By the way, Floyd. I can't seem to make line breaks work. I've tried entering HTML code, but the code itself shows up in the post. Last night, I did several carriage returns, and that finally worked, but it's not working this morning. I'd like to have a line break before and after the DON'T FORGET part (I forgot last night to include the autolyse step).


Any hints? Thanks. 


Floydm's picture

TinyMCE, the wysiwyg editor I'm using here now, usually gets things right and makes things easier for folks, but, yeah, sometimes it acts up.

Below the edit field you'll see a "disable rich-text" link. If you click that you'll see the HTML source. Doing that, I was able to plug in a couple of br tags for you. Feel free to adjust them if I didn't put them where you wanted them.

This is on the front page now. You'll notice I called it "Whole Wheat Ciabatta" rather than "Ciabatta Integrale" because I think it is more descriptive of what it is. It also closer matches what people often search on. I didn't change the name of your post or the recipe though, since we want to give credit and a referal back to the original recipe.

Thanks again for putting this together. I'm looking forward to trying the recipe myself. :)

JMonkey's picture

Thanks Floyd! That did the trick -- I'd never noticed that link before.

Good luck with the recipe!



kelly.dhop's picture

what can be substituted for dry milk?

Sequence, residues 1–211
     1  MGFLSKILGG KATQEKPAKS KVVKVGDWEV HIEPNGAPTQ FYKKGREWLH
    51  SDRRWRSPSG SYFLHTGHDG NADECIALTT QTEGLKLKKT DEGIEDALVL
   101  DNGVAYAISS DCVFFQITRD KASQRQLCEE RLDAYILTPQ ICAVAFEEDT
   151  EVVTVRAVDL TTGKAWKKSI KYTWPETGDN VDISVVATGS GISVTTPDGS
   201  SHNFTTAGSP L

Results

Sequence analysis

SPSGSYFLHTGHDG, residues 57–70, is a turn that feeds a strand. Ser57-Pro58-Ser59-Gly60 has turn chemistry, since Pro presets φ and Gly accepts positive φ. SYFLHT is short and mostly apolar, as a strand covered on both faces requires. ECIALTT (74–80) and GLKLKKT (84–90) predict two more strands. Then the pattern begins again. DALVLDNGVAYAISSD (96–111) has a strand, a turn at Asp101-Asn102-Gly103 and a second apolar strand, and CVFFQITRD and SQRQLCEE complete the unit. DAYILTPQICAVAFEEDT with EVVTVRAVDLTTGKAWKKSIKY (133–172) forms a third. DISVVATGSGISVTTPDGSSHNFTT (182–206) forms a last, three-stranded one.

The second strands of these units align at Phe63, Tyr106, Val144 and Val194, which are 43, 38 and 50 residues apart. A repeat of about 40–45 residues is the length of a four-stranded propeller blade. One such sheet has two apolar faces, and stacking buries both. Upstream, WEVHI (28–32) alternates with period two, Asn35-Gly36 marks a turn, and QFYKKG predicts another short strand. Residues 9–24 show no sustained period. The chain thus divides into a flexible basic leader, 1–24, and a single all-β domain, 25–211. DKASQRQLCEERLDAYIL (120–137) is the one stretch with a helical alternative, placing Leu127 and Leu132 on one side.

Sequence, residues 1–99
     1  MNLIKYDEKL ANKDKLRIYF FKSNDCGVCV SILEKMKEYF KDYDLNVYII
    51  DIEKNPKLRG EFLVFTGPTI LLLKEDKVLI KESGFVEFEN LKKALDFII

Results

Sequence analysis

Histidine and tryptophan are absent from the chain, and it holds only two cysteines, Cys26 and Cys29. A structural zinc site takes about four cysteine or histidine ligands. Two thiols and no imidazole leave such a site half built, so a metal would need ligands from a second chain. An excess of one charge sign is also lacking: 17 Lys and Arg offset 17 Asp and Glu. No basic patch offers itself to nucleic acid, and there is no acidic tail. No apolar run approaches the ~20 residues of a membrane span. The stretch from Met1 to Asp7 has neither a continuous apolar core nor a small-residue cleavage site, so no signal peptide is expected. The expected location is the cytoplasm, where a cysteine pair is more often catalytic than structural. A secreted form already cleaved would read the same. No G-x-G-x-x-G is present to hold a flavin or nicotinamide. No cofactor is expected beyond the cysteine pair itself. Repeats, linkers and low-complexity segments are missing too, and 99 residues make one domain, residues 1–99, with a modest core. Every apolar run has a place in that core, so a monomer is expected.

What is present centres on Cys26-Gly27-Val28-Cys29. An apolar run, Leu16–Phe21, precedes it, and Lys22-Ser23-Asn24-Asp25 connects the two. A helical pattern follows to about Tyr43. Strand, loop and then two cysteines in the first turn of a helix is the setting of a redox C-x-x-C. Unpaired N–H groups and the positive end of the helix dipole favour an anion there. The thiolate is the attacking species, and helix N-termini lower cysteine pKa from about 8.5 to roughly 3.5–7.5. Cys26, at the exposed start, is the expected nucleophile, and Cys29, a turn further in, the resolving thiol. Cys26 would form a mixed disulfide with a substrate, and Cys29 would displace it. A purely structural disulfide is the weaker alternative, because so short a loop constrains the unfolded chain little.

what constitutes warm water?  is that boiled and cooled, tap, room temp?

white flour in my logic is lighter and fluffier than any other flour so would you need less of other flours like Kamult or Spelt when using recipe that calls for white flour

thanks much

love this site

titus's picture

Just wanted to compliment you on your fabulous looking ciabatta and say thanks for sharing your expertise. I look forward to your review of Laurel's Bread Book. Please consider also doing one for the new KA Whole Grains Baking as well!

HUGO's picture

Hi guys,
I was squeezed for time so I made a loaf of whole wheat ciabatta on the fly. I used as follows:
For the sponge
1 1/2 cups h2o (cold)
2 tsp instant yeast
1 1/2 cups whole wheat flour
about an hour later it was busting out of the bowl.

mixed 1 1/2 cups all purpose white flour
1 cup whole wheat flour
2 tsp. sea salt
2 tbs. white sugar
1/4 cup olive oil
All the sponge

about an hour later I dumped the dough on the litely floured board and folded in 3s. I formed the loaf loosing little air. (no punching)

Placed unbaked loaf on a cold flat pan sprined with corn meal.

Baked in a table top convection oven with a cup of micro-waved boiling h2o for steam.

30 minutes later I had a great loaf of whole wheat ciabatta. The crust was crunchy and the crumb was full of holes and very elastic. The flavor was almost sweet but the honest to goodness whole wheat bloom taste was great.